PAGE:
Expansion into the United States

In 1978, Connaught expanded into the United States with the acquisition of a vaccine production facility in Swiftwater, Pennsylvania.[73][80] The expansion established "Connaught Laboratories Inc.", a U.S. subsidiary of Connaught Laboratories Ltd. The acquired facility was previously operated by Merrell-National Laboratories, the largest producer of swine flu vaccine in the U.S. Government's ill-fated mass immunization program in 1976 and the sole source of the yellow fever vaccine in the United States.[81]

The expansion consisted of a three-way deal between Connaught Laboratories Ltd., Richardson-Merrell Inc., and the Salk Institute for Biological Studies. The Salk Institute would take over the entirety of Richarson-Merrell's research and production plant as the company exited the market. Connaught would acquire the vaccine manufacturing facilities from the Salk Institute.[81]

Privatization and sale to Institut Mérieux

By 1984, government enterprise had become unfashionable under Brian Mulroney and the CDC was sold to the private sector.[82][83] Its holdings, including Connaught, were sold through two public issues in 1984 and in 1987.[30] As the shares were sold off, "CDC Life Sciences Inc." by which Connaught was renamed "Connaught Biosciences Inc." in 1988.[75]

In April 1988, Institut Mérieux of France tried to buy a controlling stake in Connaught, but was blocked by the Ontario and Quebec securities commissions because the acquisition favoured one group of shareholders over others. A year later on 7 March 1989, Institut Mérieux proposed a merger between Connaught and its drug division that would result in Mérieux owning 51% of the combined operations.[84][85][86] The move was rejected by shareholders.[87] In September 1989, Swiss-based Ciba-Geigy (now Novartis) and California-based Chiron Corporation made a joint offer of $30-a-share (US$764 million). Institut Mérieux made yet another bid for Connaught, topping the joint offer with a bid of $37-a-share (US$813 million).[88] In October, the Canadian government rejected the initial bid on the ground that the offer could not be judged as being of "net benefit" to Canada.[89] At this time, Connaught was the world's largest manufacturer of influenza vaccines but no longer manufactured insulin, instead "ironically ... selling insulin products made by Novo Nordisk Group of Denmark."[30][74][90]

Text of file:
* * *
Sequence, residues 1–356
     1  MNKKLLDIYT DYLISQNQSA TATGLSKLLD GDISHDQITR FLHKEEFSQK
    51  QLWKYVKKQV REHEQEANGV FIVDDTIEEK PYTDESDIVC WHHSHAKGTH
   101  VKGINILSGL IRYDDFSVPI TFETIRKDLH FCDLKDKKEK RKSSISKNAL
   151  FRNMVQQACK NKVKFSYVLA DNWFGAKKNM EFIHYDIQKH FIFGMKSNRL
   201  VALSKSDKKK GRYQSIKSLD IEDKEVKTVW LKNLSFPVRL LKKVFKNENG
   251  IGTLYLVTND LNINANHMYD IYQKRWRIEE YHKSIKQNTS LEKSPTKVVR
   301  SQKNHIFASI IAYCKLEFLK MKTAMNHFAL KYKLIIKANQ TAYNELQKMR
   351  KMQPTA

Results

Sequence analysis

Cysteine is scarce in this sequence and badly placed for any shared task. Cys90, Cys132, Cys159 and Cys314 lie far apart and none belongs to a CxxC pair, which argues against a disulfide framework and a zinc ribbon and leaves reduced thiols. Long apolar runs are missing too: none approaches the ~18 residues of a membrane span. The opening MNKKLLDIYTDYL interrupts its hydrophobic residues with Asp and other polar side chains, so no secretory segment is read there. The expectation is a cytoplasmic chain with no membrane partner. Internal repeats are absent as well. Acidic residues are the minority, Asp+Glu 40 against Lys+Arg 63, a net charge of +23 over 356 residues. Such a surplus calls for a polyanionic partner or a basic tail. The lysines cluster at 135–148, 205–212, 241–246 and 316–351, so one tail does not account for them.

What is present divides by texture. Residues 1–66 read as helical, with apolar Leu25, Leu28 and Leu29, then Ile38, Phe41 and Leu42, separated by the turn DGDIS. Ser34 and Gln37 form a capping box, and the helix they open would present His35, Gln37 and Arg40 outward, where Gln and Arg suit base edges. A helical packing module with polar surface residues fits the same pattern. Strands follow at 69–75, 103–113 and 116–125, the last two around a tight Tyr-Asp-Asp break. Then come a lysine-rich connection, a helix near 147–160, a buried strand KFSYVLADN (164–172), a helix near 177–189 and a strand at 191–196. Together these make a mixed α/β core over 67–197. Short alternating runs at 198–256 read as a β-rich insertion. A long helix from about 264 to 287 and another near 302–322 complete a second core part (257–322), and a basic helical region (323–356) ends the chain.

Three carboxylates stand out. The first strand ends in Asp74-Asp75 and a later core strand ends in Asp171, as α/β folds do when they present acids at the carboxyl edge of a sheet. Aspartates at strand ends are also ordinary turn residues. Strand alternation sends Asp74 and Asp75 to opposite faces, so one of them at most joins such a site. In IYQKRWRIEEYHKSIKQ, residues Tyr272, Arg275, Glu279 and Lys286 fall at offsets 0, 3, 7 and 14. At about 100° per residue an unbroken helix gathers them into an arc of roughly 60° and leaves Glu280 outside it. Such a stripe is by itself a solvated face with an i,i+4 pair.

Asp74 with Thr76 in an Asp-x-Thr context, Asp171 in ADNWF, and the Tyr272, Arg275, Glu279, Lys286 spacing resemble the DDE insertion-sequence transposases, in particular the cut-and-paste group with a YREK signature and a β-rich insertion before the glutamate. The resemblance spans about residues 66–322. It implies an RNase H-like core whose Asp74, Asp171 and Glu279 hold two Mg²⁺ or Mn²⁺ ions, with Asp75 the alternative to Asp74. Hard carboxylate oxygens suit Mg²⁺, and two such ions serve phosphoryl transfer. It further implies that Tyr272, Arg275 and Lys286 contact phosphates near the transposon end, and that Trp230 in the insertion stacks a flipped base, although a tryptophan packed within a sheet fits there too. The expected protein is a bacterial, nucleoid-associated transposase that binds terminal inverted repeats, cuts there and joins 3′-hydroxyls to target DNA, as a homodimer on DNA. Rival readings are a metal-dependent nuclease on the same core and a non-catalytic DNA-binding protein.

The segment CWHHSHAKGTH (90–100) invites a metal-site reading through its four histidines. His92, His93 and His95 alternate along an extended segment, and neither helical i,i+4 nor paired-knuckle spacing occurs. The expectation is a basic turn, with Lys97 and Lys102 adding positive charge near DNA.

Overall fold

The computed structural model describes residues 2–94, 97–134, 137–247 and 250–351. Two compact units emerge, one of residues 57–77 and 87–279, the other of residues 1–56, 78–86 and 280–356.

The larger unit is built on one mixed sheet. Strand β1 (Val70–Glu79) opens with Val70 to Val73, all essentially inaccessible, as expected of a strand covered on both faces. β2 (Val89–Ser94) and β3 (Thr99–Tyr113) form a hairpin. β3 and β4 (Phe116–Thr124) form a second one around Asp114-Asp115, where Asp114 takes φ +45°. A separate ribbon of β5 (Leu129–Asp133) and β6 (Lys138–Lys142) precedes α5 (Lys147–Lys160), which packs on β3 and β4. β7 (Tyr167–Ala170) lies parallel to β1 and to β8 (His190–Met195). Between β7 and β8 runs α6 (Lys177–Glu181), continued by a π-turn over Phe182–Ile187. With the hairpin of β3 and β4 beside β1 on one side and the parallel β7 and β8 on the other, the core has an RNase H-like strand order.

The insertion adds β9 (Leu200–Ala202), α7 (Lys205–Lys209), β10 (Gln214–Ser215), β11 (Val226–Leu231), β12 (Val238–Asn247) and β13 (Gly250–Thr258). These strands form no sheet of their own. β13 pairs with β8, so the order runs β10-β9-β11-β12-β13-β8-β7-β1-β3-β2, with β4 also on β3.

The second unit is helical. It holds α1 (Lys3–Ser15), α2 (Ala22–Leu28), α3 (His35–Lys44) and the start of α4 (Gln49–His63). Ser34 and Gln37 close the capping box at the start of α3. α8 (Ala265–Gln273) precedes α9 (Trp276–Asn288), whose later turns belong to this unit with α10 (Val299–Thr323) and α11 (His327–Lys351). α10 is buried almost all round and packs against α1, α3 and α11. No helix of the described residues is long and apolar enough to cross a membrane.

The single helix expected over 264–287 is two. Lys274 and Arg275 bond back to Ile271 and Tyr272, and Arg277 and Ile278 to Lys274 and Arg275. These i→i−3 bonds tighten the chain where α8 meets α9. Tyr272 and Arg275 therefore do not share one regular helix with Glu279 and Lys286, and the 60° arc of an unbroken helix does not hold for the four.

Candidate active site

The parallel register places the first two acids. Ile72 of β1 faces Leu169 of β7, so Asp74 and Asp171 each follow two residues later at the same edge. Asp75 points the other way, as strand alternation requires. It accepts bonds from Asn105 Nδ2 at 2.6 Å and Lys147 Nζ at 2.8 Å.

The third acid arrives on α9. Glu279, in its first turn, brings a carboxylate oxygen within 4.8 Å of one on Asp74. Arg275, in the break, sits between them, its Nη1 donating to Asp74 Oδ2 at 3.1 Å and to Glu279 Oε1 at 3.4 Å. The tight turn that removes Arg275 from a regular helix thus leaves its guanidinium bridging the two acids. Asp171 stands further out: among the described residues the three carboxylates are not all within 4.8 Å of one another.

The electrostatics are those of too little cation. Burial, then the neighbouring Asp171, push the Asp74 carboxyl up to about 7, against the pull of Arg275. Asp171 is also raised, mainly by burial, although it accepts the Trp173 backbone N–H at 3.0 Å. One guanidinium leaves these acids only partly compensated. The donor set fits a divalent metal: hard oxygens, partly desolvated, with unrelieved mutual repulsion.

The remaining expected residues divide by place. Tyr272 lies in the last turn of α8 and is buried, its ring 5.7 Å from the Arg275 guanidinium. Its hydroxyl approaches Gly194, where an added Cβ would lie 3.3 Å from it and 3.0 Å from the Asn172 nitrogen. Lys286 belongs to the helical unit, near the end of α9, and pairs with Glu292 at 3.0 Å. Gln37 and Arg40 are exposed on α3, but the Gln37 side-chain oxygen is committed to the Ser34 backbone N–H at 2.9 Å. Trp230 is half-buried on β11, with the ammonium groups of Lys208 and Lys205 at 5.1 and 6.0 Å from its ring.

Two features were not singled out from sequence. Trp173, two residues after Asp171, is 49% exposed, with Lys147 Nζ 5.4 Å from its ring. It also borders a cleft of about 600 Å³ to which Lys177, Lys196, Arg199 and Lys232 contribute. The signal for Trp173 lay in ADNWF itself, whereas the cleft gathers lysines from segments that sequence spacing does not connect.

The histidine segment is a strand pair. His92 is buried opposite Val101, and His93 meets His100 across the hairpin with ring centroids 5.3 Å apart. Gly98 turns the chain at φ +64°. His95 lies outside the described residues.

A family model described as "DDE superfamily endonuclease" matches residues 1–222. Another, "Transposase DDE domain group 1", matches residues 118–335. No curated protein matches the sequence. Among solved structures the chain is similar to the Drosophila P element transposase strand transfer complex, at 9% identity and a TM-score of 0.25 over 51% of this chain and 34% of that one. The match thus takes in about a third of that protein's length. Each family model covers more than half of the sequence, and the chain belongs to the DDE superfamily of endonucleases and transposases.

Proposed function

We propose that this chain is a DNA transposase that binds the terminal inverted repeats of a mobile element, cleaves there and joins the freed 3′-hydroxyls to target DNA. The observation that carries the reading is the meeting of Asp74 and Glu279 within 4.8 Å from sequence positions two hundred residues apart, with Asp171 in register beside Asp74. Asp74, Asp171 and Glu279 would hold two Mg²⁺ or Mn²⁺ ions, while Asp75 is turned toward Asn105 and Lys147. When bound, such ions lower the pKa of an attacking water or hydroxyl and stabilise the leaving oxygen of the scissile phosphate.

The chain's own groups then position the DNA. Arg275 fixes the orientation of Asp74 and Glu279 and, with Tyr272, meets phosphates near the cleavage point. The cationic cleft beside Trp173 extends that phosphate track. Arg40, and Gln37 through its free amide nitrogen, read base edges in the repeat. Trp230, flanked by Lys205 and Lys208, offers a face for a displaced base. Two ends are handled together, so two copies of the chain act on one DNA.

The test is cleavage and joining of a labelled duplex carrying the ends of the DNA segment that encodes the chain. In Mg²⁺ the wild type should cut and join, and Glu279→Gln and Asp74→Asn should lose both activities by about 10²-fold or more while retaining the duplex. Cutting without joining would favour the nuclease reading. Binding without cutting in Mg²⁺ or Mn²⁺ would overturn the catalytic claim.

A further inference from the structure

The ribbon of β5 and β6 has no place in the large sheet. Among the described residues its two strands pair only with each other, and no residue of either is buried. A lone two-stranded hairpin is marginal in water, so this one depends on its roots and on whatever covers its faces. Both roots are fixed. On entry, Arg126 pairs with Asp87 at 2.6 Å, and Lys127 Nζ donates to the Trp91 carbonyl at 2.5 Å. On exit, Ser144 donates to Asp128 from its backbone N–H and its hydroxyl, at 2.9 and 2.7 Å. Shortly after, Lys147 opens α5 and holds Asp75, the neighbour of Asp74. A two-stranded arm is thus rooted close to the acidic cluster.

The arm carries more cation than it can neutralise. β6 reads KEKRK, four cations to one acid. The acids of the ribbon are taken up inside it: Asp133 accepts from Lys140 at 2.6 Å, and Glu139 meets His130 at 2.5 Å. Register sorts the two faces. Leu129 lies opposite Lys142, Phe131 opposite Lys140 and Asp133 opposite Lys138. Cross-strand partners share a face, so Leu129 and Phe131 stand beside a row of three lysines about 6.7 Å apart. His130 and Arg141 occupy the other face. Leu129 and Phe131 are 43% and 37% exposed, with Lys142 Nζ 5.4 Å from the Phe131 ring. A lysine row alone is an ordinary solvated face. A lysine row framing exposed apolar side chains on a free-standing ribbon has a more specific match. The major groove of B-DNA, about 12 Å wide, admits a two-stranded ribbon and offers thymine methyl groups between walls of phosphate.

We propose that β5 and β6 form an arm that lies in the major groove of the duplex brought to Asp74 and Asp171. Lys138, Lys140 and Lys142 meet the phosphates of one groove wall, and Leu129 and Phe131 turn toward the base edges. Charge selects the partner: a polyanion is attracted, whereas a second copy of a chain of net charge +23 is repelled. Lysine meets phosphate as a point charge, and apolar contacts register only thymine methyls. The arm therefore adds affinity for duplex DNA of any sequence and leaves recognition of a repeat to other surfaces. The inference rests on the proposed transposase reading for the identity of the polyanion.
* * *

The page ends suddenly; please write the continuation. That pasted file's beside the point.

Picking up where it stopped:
Since the 1972 sale of the laboratories to the CDC stipulated that the drug firm could not be sold to a foreign-owned company, University of Toronto opposed the merger "on the ground that a foreign takeover would mean a loss of research spending and jobs in Canada."[91][92] It took Connaught to court seeking an injunction to block the sale, but withdrew its objection following an agreement with Mérieux that medical research support will continue if the company's bid succeeds.[93][94] The Canadian government approved the bid for Connaught in December 1989.[95] The move was criticized by many, including Jim Peterson, who was critical of Brian Mulroney's industrial policy and voiced that "no other industrialized country ... would permit the takeover of its leading biotechnology firm."[87]

Connaught was sold to Mérieux, and transformed into the North American component of Pasteur Mérieux Connaught (PMC) owned by Mérieux's parent company, Rhône-Poulenc.[87] Since ownership of Connaught had been transferred, "Connaught Biosciences Inc." was formally dissolved in 1990.[75] A decade later in 1999, Rhône-Poulenc merged with Hoechst of Germany to create Aventis. PMC thus became Aventis-Pasteur, a subsidiary of Aventis devoted to vaccines. In 2004, Aventis was acquired by Sanofi. Aventis-Pasteur, the vaccine subsidiary, became Sanofi Pasteur.[96][73]

Today, the Connaught Laboratories' facilities are known as the "Connaught Campus" of Sanofi Pasteur.[96]